The Oxbridge Interview

The Oxbridge interview strikes fear into the hearts of many an aspiring Oxbridge applicant and a whole mythology has developed around it – online chat rooms, books, and even designated training courses exist for the Oxbridge interview. However, a recent conference presented by some of the senior admissions representatives of both universities* has done much to dispel both the myths and the terror.
To begin with, both universities make it very clear that the interview is only one component of a multi-part application process that centres on subject interest, proven academic skills, and the potential to learn. All applications are considered in a holistic manner and the interview is only one part of that overall assessment of the applicant – some applicants may not do very well in the interview but demonstrate outstanding academic ability and potential elsewhere, and are then made an offer on that basis. In this way, it is important to emphasise that the interview is not a pivotal stage in the application process – this can work both ways: a bad interview does not indicate that an offer will not be made; and, likewise, a good interview does not necessarily indicate that an offer will be made.
Secondly, both universities make it clear that it is important for applicants to see the interview as a dialogue rather than a test – while subject knowledge is clearly important, above all interviewers want to see how the student thinks. In other words, the interview is less about getting the right answer than about showing good analytical and thinking skills in arriving at an answer. Given the tutorial / supervision system of undergraduate teaching at both universities, interviewers want to see how willing the applicant is to think around problems and learn from the process of dialogue in the pursuit of problem solving.
So this asks an interesting question: how can applicants prepare for an Oxbridge interview? Both universities advise that applicants use the information and guidance material that is provided on the university and college websites – while information and advice provided by other bodies and resources outside of the universities may be useful, it may also be very misinformative, so it is best to stick to the resources provided by the universities and colleges themselves. Secondly, it is vital that applicants re- read their Personal Statements thoroughly, so that they are ready to answer a question that may be based on what they have stated – the Extended Project Qualification (EPQ) is a good example of something that may be mentioned in a Personal Statement and then discussed in an interview context. Thirdly, face-to-face discussions with subject teachers at their school on topics both within and beyond the A-level curriculum can give the student good practice at the kind of one-to-one dialogue that takes place in an interview – looking carefully at the specification for the pre-interview assessment test for their subject, for example, and even looking at the first-year undergraduate curriculum for their course, can give applicants inspiration for new topics that stretch, develop, and challenge their existing knowledge base. Above all, the interview should provide an opportunity for the applicant to expand their interest in their chosen subject – then, even if they are not offered a place, they will have benefited academically and intellectually from the process.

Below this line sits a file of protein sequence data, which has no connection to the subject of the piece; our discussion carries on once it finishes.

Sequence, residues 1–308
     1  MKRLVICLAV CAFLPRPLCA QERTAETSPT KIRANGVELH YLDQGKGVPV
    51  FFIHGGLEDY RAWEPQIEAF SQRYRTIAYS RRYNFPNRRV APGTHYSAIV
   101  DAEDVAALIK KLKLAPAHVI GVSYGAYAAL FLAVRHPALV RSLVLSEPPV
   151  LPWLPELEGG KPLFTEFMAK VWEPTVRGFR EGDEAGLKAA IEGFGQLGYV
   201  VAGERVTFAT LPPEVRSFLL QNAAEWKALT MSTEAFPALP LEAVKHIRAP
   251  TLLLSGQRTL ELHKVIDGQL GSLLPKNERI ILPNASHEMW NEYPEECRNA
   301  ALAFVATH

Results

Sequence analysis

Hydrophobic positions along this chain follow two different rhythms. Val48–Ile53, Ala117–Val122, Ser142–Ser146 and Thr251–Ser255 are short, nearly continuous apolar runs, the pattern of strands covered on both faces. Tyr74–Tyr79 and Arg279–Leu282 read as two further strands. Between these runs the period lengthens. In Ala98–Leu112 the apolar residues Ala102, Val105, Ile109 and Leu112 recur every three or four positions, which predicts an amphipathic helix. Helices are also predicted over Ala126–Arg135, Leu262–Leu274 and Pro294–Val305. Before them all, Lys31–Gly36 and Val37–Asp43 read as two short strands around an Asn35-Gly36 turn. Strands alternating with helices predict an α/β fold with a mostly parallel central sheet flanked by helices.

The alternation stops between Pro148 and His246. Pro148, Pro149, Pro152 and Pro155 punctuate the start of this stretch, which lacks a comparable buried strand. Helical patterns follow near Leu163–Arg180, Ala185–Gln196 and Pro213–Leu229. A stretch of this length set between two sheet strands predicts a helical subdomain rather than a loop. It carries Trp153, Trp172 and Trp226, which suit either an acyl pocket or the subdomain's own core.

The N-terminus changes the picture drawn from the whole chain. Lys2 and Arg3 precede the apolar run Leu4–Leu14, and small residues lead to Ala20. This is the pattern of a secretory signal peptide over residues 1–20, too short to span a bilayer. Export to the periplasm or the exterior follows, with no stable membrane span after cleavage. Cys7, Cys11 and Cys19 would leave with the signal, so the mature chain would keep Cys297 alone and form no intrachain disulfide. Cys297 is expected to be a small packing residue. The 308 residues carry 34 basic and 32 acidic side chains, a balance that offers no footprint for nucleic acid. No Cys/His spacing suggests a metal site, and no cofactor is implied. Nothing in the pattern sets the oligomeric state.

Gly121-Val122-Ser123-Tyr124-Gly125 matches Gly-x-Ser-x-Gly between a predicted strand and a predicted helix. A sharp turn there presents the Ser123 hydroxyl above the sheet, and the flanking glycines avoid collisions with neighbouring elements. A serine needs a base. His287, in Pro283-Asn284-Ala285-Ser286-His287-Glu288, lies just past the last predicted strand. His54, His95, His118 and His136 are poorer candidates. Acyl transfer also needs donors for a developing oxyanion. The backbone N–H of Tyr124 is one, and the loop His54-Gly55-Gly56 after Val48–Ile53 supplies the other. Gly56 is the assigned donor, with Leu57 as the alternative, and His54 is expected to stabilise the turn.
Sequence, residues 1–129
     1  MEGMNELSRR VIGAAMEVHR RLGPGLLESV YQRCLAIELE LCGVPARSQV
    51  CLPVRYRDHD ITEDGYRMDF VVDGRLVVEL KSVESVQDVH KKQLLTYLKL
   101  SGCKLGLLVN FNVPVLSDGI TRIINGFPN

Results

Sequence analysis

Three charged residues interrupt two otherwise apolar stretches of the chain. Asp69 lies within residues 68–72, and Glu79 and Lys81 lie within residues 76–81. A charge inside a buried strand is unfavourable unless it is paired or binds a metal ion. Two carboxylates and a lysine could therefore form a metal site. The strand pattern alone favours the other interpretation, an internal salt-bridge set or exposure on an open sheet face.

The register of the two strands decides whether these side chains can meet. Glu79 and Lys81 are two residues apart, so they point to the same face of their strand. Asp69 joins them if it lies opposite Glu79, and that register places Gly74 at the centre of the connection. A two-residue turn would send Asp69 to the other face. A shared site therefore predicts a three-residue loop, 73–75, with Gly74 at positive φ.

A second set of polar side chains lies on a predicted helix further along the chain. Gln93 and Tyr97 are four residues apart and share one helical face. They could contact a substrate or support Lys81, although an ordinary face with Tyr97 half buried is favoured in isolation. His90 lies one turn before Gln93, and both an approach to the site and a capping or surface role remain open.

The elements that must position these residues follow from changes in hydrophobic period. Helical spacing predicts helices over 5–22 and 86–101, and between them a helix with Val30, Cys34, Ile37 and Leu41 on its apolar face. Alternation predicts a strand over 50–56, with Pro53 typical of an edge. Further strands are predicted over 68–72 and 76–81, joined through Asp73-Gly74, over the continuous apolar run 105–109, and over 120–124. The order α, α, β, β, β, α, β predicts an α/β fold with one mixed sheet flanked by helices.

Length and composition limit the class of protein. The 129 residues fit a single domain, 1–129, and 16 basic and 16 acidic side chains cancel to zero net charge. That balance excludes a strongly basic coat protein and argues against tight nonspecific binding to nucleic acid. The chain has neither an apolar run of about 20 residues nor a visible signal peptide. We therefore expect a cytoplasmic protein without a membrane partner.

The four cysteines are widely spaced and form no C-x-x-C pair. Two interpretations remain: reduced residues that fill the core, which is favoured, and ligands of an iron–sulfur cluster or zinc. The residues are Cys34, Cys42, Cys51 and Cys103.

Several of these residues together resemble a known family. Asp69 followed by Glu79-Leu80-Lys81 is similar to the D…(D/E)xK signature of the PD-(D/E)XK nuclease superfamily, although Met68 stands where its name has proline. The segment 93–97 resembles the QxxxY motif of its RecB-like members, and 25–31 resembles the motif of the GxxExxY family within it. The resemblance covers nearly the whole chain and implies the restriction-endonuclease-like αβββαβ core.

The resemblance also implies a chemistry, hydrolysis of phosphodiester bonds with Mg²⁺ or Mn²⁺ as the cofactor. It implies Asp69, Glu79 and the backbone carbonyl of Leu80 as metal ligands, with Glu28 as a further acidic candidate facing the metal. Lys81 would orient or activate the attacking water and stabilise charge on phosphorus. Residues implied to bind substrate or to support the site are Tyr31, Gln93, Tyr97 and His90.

The message from Oxford and Cambridge seems clear: the interview is not intended to be a terrifying ordeal but rather an opportunity for the applicant to explore and develop their existing interest and knowledge in the subject for which they are applying.
*Oxford and Cambridge Student Conference, Epsom Racecourse, Epsom Tuesday
27th – Wednesday 28th March, 2018.
Ashbourne College runs a one-year Oxbridge Programme that helps students through the Oxbridge application process. For more information please see the Ashbourne College website or contact Will Stockland by email: [email protected].